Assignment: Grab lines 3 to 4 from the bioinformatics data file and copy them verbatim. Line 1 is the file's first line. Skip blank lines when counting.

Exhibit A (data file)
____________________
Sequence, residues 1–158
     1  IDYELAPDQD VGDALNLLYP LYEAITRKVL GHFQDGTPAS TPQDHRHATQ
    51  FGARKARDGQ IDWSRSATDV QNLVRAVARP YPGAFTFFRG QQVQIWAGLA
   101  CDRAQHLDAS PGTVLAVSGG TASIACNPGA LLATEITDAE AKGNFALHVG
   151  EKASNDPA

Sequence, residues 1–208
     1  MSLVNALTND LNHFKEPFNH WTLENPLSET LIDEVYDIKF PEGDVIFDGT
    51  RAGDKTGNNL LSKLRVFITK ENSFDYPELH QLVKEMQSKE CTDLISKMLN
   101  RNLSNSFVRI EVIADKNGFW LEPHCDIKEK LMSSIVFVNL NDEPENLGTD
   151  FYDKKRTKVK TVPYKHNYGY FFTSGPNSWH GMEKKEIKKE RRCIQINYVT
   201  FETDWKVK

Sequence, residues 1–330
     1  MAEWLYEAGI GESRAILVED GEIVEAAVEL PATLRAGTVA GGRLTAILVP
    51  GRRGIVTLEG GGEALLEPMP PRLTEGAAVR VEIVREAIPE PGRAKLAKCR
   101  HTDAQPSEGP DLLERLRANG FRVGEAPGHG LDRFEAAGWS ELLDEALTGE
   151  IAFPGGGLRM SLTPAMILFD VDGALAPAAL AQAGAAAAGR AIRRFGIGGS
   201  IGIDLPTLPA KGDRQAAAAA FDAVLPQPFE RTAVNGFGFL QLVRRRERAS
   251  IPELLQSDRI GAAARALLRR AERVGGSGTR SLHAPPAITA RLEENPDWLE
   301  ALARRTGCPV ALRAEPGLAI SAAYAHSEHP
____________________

    51  FGARKARDGQ IDWSRSATDV QNLVRAVARP YPGAFTFFRG QQVQIWAGLA
   101  CDRAQHLDAS PGTVLAVSGG TASIACNPGA LLATEITDAE AKGNFALHVG